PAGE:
- Apr 2022
The way technologies like fMRI are applied is aproduct of our brainbound orientation; it has not seemed odd or unusual toexamine the individual brain on its own, unconnected to others.
In part because of modalities of studying the brain using methods like fMRI where the images are of an individual's head, we focus too much and too exclusively on single brains bound to individuals rather than on brains working in concert.
Greater flexibilities in tools and methods should help do studies of humans working in concert.
Link this to the anecdote:
I recall a radiology test within a medical school setting in which students were asked to diagnose an x-ray of a human patient's skull. Most either guessed small hairline fractures in the skull or that there was nothing wrong with the patient.
Can you diagnose the patient?
Almost all the students failed the question, and worse felt like idiots when the answer was revealed: the patient must be dead because the spinal column and the rest of the body are not attached. Compare:
the brain stores social information differently thanit stores information that is non-social. Social memories are encoded in a distinctregion of the brain. What’s more, we remember social information moreaccurately, a phenomenon that psychologists call the “social encodingadvantage.” If findings like this feel unexpected, that’s because our culturelargely excludes social interaction from the realm of the intellect. Socialexchanges with others might be enjoyable or entertaining, this attitude holds, butthey’re no more than a diversion, what we do around the edges of school orwork. Serious thinking, real thinking, is done on one’s own, sequestered fromothers.
"Social encoding advantage" is what psychologists refer to as the phenomenon of people remembering social information more accurately than other types.
Reference to read: “social encoding advantage”: Matthew D. Lieberman, Social: Why Our Brains Are Wired to Connect (New York: Crown, 2013), 284.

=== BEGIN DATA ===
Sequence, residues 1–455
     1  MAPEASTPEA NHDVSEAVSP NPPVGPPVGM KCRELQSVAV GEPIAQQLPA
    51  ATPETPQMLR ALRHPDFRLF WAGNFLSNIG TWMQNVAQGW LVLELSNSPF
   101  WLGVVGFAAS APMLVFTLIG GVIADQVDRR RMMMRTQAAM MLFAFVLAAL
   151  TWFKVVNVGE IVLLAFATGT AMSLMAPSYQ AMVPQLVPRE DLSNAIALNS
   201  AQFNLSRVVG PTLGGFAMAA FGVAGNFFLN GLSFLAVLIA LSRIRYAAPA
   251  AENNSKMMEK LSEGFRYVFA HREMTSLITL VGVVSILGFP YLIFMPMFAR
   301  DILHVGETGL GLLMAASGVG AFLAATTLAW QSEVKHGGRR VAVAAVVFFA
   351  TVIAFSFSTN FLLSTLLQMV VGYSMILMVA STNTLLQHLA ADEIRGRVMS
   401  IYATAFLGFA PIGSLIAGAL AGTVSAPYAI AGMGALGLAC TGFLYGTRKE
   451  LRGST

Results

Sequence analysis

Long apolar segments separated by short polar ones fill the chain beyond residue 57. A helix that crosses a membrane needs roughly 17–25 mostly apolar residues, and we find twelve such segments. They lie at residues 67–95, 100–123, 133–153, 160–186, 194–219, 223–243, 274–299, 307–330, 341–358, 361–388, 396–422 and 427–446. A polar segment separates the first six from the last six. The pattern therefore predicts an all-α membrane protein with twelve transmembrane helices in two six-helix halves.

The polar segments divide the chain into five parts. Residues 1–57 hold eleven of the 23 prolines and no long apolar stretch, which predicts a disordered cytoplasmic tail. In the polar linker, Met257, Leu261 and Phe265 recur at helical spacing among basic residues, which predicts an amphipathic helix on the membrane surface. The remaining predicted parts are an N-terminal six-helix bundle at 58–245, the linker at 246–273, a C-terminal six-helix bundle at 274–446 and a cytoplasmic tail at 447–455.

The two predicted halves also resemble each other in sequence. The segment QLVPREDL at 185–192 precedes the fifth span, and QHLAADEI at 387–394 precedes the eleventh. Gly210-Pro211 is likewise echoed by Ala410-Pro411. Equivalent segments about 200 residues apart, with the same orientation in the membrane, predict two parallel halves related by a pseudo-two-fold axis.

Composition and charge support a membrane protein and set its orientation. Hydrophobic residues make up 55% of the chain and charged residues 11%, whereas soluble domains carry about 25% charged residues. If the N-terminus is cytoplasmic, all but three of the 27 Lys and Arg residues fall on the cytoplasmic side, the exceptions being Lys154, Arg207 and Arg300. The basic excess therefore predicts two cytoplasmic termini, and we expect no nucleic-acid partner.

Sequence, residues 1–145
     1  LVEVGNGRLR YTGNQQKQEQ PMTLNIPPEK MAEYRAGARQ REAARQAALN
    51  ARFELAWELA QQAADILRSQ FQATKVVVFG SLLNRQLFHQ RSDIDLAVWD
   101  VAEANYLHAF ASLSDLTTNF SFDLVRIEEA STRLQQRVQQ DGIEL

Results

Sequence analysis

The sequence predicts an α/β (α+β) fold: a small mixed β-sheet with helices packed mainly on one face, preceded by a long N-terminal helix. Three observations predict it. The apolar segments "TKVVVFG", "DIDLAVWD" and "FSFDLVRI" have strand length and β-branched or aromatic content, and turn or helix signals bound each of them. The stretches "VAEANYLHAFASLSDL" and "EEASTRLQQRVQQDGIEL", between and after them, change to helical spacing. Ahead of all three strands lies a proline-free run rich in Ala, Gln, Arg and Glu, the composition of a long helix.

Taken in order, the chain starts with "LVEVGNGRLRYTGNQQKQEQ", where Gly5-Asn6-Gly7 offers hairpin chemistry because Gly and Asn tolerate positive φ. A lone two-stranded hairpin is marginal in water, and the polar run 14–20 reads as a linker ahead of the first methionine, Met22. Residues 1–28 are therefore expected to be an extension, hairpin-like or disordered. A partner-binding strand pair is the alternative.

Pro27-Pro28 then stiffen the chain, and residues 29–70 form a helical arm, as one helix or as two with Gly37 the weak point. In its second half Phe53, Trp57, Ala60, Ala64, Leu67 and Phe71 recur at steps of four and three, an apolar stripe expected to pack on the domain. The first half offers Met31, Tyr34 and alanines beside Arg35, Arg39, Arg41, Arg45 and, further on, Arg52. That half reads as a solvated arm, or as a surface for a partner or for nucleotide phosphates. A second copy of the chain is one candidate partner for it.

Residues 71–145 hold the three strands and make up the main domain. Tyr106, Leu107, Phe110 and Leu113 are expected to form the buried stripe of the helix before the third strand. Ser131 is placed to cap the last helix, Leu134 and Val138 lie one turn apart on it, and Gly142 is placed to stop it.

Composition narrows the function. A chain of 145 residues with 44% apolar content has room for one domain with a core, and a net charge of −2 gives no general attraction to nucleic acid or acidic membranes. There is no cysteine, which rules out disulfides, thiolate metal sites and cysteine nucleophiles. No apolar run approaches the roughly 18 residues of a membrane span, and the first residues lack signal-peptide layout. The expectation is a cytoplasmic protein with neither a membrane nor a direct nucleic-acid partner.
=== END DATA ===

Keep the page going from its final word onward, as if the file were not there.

It's likely that the social acts of learning and information exchange in oral societies had an additional stickiness over and beyond the additional mnemonic methods they would have used as a base.
The Western cultural tradition doesn't value the social coding advantage because it "excludes social interaction from the realm of the intellect" (Paul, 2021). Instead it provides advantage and status to the individual thinking on their own. We greatly prefer the idea of the "lone genius" toiling on their own, when this is hardly ever the case. Our availability bias often leads us to believe it is the case because we can pull out so many famous examples, though in almost all cases these geniuses were riding on the shoulders of giants.
Reference to read: remember social information more accurately: Jason P. Mitchell, C. Neil Macrae, and Mahzarin R. Banaji, “Encoding-Specific Effects of Social Cognition on the Neural Correlates of Subsequent Memory,” Journal of Neuroscience 24 (May 2004): 4912–17
Reference to read: the brain stores social information: Jason P. Mitchell et al., “Thinking About Others: The Neural Substrates of Social Cognition,” in Social Neuroscience: People Thinking About Thinking People, ed. Karen T. Litfin (Cambridge: MIT Press, 2006), 63–82.